The key to a successful holiday season will be flexible staffing

The following is a guest article by Sumir Meghani, CEO and co-founder of Instawork.

From hotels and big events to local restaurants and retail outlets, every business is bracing for a tough holiday season marked by a perfect storm of growing demand and staff shortages. September data shows 10.9 million job offers for 8.4 million unemployed, and exit rates among employed people remain surprisingly high.

“The labor shortage shows no signs of easing, and things are likely to get even more difficult as businesses compete for seasonal help,” said Kelsey Sheehy, Small Business Specialist at NerdWallet.

Workers are scarce and business unpredictable

Companies that take advantage of hourly workers are experiencing unpredictable staffing as workers left to take office jobs throughout the pandemic. A recent poll conducted by Florida Atlantic University found that a third of respondents said they would seek work outside the hospitality and tourism industry and that the pandemic will have a long-term negative impact on the industry . At the same time, the next holiday season is shaping up to be the busiest in two years. Pent-up customer demand is already proving to be a significant challenge for businesses trying to navigate this “new normal”.

Big box retailers are already seeing a run on holiday-related items as The Home Depot sold out an early version of Halloween decorations, possibly foreshadowing a similar run on Christmas decorations. Other companies are trying to stay ahead of staffing issues by hiring more staff before the busy season. Dick’s Sporting Goods plans to hire more seasonal associates this year than ever before in the company’s history. Walmart aims to recruit 20,000 supply chain employees and Instawork plans to recruit 100,000 hourly workers to meet growing demand from businesses across the country.

“Customers and Families Want to Celebrate Christmas,” Doug McMillon, CEO of Walmart said at a recent conference. “They want to have a Thanksgiving, and if this situation with the virus allows it – or maybe even if it doesn’t – we’re going to see strong demand for the rest of the year.”

Businesses are also finding that demand is changing in ways they did not have in previous years. Many customers aren’t looking to forgo the convenience of e-commerce, including pickup or delivery orders, while others are eager to return to the in-person experience, according to Marketplace.

Especially when a changing virus and changing policies and mandates come into play, unpredictable and atypical consumer behavior can make it particularly difficult to anticipate staffing needs.

In this environment, Rod Sides, vice president of Deloitte and US leader in the retail and distribution industry, said businesses that “remain resilient to changes in consumer behavior and offer convenient options for online and in-store shopping, as well as order fulfillment, will be poised to grow during the holiday season and the start of the new.” year “.

Of course, even to get the staff needed to meet consumer needs this holiday season, businesses must first adapt to workers’ hourly needs for flexibility and convenience. This includes changing the way they recruit and hire ahead of the busiest working days of the year.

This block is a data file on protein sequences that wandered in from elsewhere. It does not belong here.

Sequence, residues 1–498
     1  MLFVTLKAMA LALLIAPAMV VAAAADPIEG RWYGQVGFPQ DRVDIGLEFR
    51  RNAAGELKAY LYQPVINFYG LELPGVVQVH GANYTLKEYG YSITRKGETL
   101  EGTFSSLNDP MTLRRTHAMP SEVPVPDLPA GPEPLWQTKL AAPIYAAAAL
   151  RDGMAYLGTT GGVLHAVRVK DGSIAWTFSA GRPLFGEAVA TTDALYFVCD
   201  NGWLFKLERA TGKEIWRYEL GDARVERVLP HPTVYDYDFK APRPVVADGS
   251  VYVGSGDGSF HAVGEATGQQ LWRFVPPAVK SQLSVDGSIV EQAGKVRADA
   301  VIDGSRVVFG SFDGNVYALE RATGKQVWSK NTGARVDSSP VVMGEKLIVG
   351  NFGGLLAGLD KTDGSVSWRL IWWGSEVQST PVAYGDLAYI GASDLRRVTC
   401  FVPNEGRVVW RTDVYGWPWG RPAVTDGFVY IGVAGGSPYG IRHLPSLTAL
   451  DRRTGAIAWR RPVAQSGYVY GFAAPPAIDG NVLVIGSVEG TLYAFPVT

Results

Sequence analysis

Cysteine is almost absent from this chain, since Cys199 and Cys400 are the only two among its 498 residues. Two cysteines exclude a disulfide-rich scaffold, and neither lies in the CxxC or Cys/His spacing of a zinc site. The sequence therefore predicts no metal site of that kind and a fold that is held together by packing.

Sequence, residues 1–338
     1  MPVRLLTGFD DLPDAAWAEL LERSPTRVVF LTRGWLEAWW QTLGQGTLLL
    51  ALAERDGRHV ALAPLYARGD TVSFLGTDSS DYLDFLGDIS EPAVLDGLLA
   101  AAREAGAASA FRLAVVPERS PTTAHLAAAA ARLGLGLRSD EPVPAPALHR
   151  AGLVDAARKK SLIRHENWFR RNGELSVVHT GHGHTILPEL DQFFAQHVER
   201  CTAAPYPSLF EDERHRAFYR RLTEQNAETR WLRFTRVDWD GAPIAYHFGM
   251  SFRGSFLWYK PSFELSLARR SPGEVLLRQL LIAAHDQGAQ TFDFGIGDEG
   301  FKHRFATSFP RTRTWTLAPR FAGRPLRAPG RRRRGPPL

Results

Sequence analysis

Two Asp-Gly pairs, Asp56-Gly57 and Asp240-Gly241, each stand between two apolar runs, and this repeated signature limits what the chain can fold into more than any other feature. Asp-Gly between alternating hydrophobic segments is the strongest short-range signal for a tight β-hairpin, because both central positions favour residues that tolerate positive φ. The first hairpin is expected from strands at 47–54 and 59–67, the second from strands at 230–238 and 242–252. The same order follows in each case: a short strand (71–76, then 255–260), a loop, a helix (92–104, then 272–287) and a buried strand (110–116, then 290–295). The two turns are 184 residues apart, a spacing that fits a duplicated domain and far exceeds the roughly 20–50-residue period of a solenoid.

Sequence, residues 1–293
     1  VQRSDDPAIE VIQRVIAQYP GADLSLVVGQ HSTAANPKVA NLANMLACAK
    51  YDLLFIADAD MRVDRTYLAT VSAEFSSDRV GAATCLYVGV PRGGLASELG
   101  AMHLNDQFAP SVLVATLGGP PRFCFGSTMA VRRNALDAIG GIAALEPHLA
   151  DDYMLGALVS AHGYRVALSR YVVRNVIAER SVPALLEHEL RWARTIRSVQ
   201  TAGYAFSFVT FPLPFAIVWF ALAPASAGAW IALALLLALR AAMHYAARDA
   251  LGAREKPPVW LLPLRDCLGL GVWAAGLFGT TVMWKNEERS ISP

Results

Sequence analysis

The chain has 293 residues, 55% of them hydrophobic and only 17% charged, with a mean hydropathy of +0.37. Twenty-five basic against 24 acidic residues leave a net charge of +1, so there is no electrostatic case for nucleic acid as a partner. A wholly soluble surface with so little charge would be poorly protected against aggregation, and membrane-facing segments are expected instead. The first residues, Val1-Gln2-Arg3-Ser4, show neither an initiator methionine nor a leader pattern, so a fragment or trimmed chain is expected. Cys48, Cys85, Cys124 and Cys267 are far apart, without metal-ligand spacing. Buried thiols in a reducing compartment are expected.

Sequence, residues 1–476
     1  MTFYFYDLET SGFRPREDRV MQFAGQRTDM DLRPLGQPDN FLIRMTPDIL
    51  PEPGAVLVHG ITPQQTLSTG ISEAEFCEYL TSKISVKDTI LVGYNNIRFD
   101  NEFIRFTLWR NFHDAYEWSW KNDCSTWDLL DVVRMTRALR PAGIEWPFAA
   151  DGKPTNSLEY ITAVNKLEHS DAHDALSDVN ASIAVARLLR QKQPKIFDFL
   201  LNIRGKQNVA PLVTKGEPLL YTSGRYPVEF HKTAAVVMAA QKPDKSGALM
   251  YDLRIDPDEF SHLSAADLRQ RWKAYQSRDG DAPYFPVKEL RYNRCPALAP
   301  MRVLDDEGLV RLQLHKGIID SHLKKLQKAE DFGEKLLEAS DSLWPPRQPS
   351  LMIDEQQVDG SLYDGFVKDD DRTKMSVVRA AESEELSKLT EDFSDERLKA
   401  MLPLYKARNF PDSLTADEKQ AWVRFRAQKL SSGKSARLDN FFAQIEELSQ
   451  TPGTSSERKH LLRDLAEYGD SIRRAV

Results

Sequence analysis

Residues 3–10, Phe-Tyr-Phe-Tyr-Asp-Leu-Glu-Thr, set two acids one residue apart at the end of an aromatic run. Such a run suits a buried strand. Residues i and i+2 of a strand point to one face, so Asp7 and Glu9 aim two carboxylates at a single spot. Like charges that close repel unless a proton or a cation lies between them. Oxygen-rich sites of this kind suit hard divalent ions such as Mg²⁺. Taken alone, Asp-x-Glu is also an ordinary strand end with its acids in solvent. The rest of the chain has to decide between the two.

Competition for the right staff

To prove that greater freedom and fluidity will be essential for sufficient staffing, one can look to big box retailers. Several large companies have started offering salary increases and incentives to attract additional staff.

For small employers, flexibility and adjustable hours are competitive factors as workers’ demands change.

This kind of leeway can make the difference in attract enough quality workers while facing new challenges on the employment side, such as no-shows related to COVID-19, as well as new models and consumer expectations. To adapt, more and more companies are turning to on-demand recruiting solutions where flexibility and convenience are intrinsically integrated.

Flexibility: the advantage employers need

Large-scale technological adoption has already happened during the pandemic, as many restaurants and stores have been forced to engage with customers in a digital-only environment. The widespread adoption of modern solutions for another key part of the business, namely engagement with workers, is a natural next step.

Up to 60% of restaurant workers are ready to use an on-demand service. This enthusiasm is not surprising, given the popularity and ubiquity of convenience-oriented services like Uber and Airbnb. However, it’s a major relief to know that the will to work is there, as businesses face a holiday season mismatch between staff and demand.

With flexible staffing technology, rather than spending hours sifting through applications, going through the hiring process and managing existing revenue, while letting the business go out, managers can quickly publish and fill vacancies with quality workers. Workers, on the other hand, can benefit from the flexibility to choose when and where they want to work, while achieving the right level of work-life balance they need.

After all, despite the difficulties companies face in filling vacancies, people are eager to continue developing their skills and careers while strengthening their financial stability. It’s just that now, more than ever, they want to do it on their own terms – and staffing models have to change accordingly.

Comments are closed.